Quakertown School District will welcome new grading system next year
The Standards Based Grading system (SBG) is no more in the Quakertown Community School District. The heavily debated grading and teaching program will be replaced by a new model that the superintendent and administration will present to the board at the December 5th Board of School Directors meeting.
The board decided at its meeting Thursday night that various parameters would need to be included. The new program must be based on points and conform to Pennsylvania standards. All student work must be evaluated and count toward academic grades including homework, final exams and midterms, which will be strongly encouraged and at the discretion of the teacher. Schoolwork assignment deadlines will have to be enforced and remediation will have to have specific parameters.
The board amended the initial proposal to include grades six through twelve rather than just the high school.
The controversial SBG system led to an almost entire hour of public comments before the board voted on the proposal.
Several parents addressed the board about their various concerns with this grading system currently used throughout the Quakertown Community School District. SBG runs on a four-point scale, with a three indicating proficient progress towards a learning target and a four indicating an exceeding of the learning target, according to the school district website. Many parents felt that students struggled to understand how to achieve a four and that kept them in the three range, which could hold them back in the future.
“I’ve never heard a single person think Standards Based Grading was a good thing,” said Amy Einhoff, a local parent. “Standards Based Grading doesn’t clarify what the score actually is. Most kids come away with this very generic general three. It’s too difficult to get an A. Why would we stay with a system that so poorly communicates how our students stand?”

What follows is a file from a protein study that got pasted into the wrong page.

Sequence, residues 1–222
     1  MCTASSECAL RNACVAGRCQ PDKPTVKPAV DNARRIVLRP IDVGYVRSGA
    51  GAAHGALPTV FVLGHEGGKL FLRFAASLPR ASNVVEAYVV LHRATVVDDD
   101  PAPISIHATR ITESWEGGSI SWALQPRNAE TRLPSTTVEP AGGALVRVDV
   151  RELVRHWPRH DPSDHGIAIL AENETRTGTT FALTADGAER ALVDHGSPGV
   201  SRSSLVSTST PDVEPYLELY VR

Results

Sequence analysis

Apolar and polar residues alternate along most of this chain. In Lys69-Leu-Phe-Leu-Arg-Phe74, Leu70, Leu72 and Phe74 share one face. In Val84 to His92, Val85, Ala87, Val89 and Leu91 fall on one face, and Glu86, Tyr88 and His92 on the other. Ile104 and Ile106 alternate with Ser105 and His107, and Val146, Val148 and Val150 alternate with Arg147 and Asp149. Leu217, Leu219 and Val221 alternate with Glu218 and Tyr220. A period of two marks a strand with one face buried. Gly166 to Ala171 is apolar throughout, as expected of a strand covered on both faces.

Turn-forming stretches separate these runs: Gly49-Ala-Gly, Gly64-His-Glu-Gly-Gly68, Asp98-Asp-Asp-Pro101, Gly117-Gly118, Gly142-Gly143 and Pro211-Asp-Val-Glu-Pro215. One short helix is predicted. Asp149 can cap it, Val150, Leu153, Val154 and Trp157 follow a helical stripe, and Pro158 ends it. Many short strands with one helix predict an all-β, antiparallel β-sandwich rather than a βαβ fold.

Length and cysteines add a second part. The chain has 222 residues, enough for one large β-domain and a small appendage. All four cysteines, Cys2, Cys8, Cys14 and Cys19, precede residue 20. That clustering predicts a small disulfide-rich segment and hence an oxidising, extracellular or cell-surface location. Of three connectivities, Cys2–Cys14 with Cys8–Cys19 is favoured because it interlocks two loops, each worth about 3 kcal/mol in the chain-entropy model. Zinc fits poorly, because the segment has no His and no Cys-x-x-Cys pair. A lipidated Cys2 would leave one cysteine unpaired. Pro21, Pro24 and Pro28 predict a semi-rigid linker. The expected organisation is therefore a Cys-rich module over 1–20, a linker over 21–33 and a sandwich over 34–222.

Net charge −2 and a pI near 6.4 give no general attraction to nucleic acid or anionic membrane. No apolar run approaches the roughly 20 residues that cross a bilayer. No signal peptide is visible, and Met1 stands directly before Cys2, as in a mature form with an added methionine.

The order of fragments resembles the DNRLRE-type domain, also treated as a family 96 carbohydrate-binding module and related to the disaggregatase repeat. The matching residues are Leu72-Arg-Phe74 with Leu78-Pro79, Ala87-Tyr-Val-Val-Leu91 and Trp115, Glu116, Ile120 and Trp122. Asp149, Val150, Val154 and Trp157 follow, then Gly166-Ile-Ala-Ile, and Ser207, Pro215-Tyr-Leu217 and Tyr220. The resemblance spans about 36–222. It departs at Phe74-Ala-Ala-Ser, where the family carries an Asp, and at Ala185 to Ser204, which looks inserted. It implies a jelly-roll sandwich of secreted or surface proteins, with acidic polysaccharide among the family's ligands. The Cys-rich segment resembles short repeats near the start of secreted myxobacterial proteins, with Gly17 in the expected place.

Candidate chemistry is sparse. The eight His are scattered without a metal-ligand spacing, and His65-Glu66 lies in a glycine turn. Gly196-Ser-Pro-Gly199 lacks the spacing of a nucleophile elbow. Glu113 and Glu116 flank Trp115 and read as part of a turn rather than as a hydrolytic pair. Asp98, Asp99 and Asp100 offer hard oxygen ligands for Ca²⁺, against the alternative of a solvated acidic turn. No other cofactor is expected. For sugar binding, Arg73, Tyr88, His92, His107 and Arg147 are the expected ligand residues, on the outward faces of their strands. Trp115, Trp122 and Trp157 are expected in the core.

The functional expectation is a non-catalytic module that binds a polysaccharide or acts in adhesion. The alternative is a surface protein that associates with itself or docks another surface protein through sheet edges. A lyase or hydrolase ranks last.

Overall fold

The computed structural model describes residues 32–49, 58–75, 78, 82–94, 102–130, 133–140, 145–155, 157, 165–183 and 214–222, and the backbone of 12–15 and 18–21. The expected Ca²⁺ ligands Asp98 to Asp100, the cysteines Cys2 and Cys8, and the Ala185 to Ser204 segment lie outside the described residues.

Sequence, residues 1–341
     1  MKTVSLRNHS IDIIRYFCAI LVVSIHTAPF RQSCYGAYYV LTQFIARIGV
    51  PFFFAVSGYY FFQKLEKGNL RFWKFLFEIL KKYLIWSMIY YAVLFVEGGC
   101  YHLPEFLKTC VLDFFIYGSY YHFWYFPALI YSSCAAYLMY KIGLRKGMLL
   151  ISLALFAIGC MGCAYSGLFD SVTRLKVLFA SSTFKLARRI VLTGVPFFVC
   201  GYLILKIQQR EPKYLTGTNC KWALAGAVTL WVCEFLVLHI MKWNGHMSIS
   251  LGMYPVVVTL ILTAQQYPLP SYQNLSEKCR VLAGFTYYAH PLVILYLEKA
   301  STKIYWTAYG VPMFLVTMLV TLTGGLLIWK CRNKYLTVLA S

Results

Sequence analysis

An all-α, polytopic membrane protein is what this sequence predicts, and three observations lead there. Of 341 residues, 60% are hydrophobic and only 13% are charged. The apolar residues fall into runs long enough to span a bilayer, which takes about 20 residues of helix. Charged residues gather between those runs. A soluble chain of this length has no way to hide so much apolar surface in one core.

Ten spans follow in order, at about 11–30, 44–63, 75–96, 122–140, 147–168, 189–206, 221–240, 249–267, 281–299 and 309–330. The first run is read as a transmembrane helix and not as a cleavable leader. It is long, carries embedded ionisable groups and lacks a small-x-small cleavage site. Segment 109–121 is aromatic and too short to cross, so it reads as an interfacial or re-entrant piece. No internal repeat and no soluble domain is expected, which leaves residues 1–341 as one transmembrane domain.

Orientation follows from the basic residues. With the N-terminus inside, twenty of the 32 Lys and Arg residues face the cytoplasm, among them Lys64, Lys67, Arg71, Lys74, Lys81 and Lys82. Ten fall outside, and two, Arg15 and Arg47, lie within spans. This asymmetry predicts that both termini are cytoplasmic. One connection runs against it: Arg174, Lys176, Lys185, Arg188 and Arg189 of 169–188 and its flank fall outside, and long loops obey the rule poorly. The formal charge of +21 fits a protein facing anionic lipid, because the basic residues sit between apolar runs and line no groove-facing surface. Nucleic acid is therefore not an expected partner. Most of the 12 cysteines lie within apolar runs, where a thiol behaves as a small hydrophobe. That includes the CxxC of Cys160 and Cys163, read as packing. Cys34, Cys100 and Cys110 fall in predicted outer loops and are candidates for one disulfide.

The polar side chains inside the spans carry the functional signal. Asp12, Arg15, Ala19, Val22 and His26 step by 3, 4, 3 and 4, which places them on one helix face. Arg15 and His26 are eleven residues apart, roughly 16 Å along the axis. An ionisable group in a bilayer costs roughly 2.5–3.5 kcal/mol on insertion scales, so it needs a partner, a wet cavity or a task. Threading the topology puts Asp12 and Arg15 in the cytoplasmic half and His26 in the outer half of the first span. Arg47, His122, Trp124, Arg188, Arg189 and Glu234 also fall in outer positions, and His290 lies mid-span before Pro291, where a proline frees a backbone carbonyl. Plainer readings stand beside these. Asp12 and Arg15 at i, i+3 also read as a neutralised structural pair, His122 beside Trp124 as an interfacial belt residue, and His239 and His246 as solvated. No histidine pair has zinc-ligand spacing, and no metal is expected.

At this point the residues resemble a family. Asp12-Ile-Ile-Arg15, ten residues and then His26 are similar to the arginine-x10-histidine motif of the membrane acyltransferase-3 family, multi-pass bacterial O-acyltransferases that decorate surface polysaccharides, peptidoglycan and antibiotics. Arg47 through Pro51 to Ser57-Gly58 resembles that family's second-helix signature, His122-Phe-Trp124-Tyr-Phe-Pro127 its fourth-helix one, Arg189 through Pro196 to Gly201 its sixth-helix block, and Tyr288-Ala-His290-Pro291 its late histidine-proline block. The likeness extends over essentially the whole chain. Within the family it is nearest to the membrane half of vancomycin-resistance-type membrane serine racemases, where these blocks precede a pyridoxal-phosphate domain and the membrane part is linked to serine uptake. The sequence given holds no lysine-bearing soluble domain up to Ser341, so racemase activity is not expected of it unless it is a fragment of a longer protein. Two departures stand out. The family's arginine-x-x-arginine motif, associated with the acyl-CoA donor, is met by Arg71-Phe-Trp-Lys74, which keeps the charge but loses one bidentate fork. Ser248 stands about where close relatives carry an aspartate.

SGB also offers some opportunities for remediation. Students can sometimes retake tests if teachers believe that they gave their “best effort first try.” Several parents also spoke at the district board meeting about how this aspect of SGB creates a confusing system where students expect second chances.
“How long before a motivated student learns that he can earn the same grade with a lot less work?” asked Michelle Ross, another local parent.
Alyssa Climber, a National Merit Scholar from Quakertown High School, offered an alternative perspective to the basically entirely negative opinion of parents present at the meeting. Climber credited SBG with her ability to skip courses she excelled beyond, allowing her more access to Advanced Placement and honors courses.
“Standards Based Grading allowed me to get ahead in classes and focus on different things in different classes,” she said. “We can focus on which ones have our strengths and weaknesses and it allows room to remediate weaknesses.”
The board decided in favor of the many complaints they had been for months now.
The new plan will be presented to the board at their December 5, 2013 meeting. The plan will be evaluated and revised if necessary by the board to be included in the new Program of Studies booklet for the 2014-2015 school year.
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